After seeing (in chronological order) Steve Jobs, Al Gore and Tim Bray make use of Apple Keynote, I absolutely had to give it a try. And impressed I was – and to some extent, still am. For me, this revelation happened about a year ago. I cannot recall the previous instance – i.e., the time I was truly impressed by desktop software.

Although I may be premature, I can’t help but ask: Is desktop software dead?
A few data points:
  • Wikipedia states: “There is no page titled “desktop software”.” What?! I suppose you could argue I’m hedging my bets by choosing an obscure phrase (not!), but seriously, it is remarkable that there is no Wikipedia entry for “desktop software”!
  • Microsoft, easily the leading purveyor of desktop software, is apparently in trouble. Although Gartner’s recent observations target Microsoft Windows Vista, this indirectly spells trouble for all Windows applications as they rely heavily on the platform provided by Vista.
  • There’s an innovation’s hiatus. And that’s diplomatically generous! Who really cares about the feature/functionality improvements in, e.g., Microsoft Office? When was the last time a whole new desktop software category appeared? Even in the Apple Keynote example I shared above, I was impressed by Apple’s spin on presentation software. Although Keynote required me to unlearn habits developed through years of use Microsoft PowerPoint, I was under no delusions of having entered some new genre of desktop software.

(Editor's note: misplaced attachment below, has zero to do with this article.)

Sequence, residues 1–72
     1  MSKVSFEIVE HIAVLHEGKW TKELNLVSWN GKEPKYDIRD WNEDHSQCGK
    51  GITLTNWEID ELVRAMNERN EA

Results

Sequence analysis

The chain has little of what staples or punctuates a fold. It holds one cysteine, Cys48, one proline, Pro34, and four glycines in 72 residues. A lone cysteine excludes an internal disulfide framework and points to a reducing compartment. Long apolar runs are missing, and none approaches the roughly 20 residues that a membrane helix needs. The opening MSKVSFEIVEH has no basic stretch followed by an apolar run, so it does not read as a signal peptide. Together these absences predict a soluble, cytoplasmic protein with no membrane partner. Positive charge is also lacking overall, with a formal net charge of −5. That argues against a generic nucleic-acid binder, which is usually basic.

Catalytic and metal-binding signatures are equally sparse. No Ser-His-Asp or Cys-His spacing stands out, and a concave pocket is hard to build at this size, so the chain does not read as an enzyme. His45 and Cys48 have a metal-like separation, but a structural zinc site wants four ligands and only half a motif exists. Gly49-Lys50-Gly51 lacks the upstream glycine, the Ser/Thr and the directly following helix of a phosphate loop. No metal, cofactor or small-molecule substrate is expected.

• Thin is in! The bloatware that is modern desktop software is crumbling under its own weight. It must be nothing short of embarrassing to see this proven on a daily basis by the likes of Google Docs. Hardware vendors must be crying in their beers as well, as for years consumers have been forced to upgrade their desktops to accommodate the latest revs of their favorite desktop OS and apps. And of course, this became a negatively reinforcing cycle, as the hardware upgrades masked the inefficiencies inherent in the bloated desktop software. Thin is in! And thin, these days, doesn’t necessarily translate to a penalty in performance.
  • Desktop software is reaching out to the network. Despite efforts like Microsoft Office Online, the lacklustre results speak for themselves. It’s 2008, and Microsoft is still playing catch up with upstarts like Google. Even desktop software behemoth Adobe has shown better signs of getting it (network-wise) with recent entres such as Adobe Air. (And of course, with the arrival of Google Gears, providers of networked software are reaching out to the desktop.)

The figure below attempts to graphically represent some of the data points I’ve ranted about above.

In addition to providing a summary, the figure suggests: